Sunday, June 22, 2008

So, as much as I enjoy opening up a green tree and dealing with freshly milled green wood, I love old wood at least as much.

Both the cabin siding and flooring will be made from old wood. Its always fun to see what one can coax out of old wood.

Below are three 1x12 Douglas fir board-and-batten siding boards that were salvaged from a historic granary in nearby Potlatch, Idaho. From what I was told, the granary was built in the 1920s. I bought 700 board ft. of the siding from Larry Duff's TimberWorks wood salvage business. This might not be quite enough, but he has more. :-)

Most/all of the boards have residual red barn paint on them. The leftmost board was covered in boiled linseed oil. The rightmost board was covered in Landark's exterior penetrating oil finish. The middle board was left alone. The oil really brings out a gorgeous, dark purple color. This will no doubt fade, but the oil should help preserve the wood. This old, dry, rough-cut wood was amazingly thirsty. I think it might be prohibitively expensive to use Landark on the whole think, so straight linseed or maybe some inexpensive deck oil might work.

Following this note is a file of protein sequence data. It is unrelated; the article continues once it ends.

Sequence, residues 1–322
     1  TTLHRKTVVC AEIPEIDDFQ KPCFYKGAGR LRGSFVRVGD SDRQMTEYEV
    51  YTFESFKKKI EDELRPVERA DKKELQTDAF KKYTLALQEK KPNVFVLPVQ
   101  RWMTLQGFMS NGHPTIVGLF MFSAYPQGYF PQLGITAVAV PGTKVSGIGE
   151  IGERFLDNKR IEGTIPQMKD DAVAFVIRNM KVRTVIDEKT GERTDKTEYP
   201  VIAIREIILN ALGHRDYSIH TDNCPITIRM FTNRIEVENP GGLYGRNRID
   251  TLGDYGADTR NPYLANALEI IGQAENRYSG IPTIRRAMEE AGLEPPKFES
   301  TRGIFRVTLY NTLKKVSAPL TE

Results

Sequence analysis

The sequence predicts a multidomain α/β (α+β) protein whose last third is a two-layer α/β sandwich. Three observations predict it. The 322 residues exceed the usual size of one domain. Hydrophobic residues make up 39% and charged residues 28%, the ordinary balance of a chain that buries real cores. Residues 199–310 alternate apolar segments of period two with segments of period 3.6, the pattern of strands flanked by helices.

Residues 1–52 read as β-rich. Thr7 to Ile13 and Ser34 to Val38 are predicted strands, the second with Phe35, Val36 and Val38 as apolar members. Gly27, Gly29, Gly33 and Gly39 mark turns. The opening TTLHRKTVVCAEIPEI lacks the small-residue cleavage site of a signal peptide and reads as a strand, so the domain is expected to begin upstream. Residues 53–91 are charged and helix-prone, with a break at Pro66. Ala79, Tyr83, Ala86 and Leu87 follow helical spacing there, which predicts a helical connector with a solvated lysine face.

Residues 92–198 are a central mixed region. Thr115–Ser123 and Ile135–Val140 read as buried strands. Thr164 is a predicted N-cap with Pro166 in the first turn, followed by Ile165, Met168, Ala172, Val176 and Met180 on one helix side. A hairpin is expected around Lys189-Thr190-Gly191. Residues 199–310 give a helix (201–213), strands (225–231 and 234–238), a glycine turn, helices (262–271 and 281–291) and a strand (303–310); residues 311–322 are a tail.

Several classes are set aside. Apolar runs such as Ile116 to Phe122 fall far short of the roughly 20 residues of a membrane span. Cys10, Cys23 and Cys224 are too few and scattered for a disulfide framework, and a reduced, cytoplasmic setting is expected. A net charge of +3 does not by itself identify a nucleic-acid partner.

The goat barn flooring cleans up nicely, and I am very, very happy with it.

Below, the old, grayed, unhandled barn flooring is shown on the right. On the left, is a board after one pass through the thickness planer and a bit of coarse (120-grit) belt sanding. The middle two boards were planed, belt sanded (120 grit), covered in Landark oil, and then waxed and buffed with Bioshield hardwax.

Below. To oil or not to oil? Verdict: oil!

Below: A dramatic difference.

Finally, an up-close image of the final flooring. I purposely used a moderately coarse sanding. I like the look of coarsely sanded wood in a cabin like this. Most of the other wood (timbers, interior pine wall planks, etc) are also coarsely sanded. It saves time, but mainly I prefer the smooth but slightly "distressed" look of coarsely sanded wood on a cabin like this.

Fun stuff. I think this floor and siding combination are going to rock. Its going to look very rustic on the exterior, like an old barn. The red, dark color of the rustic fir flooring will accentuate the light pine posts, ceiling, and interior wall planks. The cabin is going to be all-wood, but that doesn't mean that it won't be colorful!


At 12:11 PM, Anonymous Anonymous said...

Nice one dude!
we're just about to erect a small 'English summerhouse' with dougfir and have been wonderin how to get a smooooth finish..
Chris, Cornwall, UK


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